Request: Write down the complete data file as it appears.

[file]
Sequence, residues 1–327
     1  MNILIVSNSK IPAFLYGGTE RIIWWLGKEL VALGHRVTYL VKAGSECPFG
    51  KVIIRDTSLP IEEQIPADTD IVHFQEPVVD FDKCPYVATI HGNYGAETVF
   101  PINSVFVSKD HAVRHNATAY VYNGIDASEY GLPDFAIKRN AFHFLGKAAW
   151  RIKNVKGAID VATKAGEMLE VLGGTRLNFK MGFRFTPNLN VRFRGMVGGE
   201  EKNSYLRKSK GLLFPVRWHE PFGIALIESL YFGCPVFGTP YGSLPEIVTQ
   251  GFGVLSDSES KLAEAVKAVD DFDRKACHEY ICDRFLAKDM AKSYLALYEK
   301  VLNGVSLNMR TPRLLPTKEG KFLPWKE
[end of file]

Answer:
Sequence, residues 1–327
     1  MNILIVSNSK IPAFLYGGTE RIIWWLGKEL VALGHRVTYL VKAGSECPFG
    51  KVIIRDTSLP IEEQIPADTD IVHFQEPVVD FDKCPYVATI HGNYGAETVF
   101  PINSVFVSKD HAVRHNATAY VYNGIDASEY GLPDFAIKRN AFHFLGKAAW
   151  RIKNVKGAID VATKAGEMLE VLGGTRLNFK MGFRFTPNLN VRFRGMVGGE
   201  EKNSYLRKSK GLLFPVRWHE PFGIALIESL YFGCPVFGTP YGSLPEIVTQ
   251  GFGVLSDSES KLAEAVKAVD DFDRKACHEY ICDRFLAKDM AKSYLALYEK
   301  VLNGVSLNMR TPRLLPTKEG KFLPWKE